Mamdouh says: "My daughter is still in her second year. I don't know for how long will I pretend to have enough income to cover their transportation fees and for how long will I keep making temporary solutions to the situation that we are in today." He added, " Ruqaya is the oldest of my sons and the one who loves education the most, but the transportation costs that we are incurring day after day is raising in which has exceeded the reasonable limits, and her mother and I can no longer bear all these burdens that the conditions of this country have placed on our shoulders."

Ruqaya's father continued, saying: "130,000 Yemeni riyals (approximately 90 US dollars) is the total salary of my wife and I, who occupies a job in one of the government departments in the governorate, and we have four children, all of whom are students of different levels, and you can imagine the situation of the others."

Another group of students who were able to find jobs with a relatively fixed salary - in light of the faltering exchange rate - were able to support themselves in bearing the burdens and changes of these conditions. Although some of them have to do some side work to bear the costs of studying, including transportation, this means doing extra work and wasting other studying hours at work. This is for those who were lucky and found a job that would help them in the hardships of life in the city, according to what Wajdi Samir, a 22 year old student at the Amin Nashir Institute for Medical Sciences, in Khormaksar.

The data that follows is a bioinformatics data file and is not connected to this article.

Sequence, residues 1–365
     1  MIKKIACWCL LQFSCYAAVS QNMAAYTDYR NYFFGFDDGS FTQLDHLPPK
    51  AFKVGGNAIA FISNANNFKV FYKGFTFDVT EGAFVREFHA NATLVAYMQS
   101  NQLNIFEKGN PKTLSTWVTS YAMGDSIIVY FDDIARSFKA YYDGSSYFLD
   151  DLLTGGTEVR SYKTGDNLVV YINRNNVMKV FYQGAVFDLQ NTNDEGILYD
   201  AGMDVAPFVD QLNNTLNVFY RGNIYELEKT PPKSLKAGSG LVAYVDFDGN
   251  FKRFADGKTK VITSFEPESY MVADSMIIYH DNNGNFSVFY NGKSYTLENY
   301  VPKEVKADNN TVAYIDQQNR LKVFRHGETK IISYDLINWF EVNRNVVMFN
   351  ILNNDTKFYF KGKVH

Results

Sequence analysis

Ahmed explains to "South24", with grief and sadness on his face, the great difficulties that he faces every morning while taking public transportation and having to leave the house early to make up for the time he spends waiting for someone who accepts his ride at the old price.

Ahmed adds: “This color that covers my skin now is not mine, I acquired it in the past days as a result of my long stay in the striking sun, and the humiliating part is that one of my basic rights has become like a kind of beggary that the government give, while if there was a real state carrying out its duties, I would be able to ride a public bus and pay for transportation without having to beg the bus driver on the amount of money I could pay.”

The role of the transport union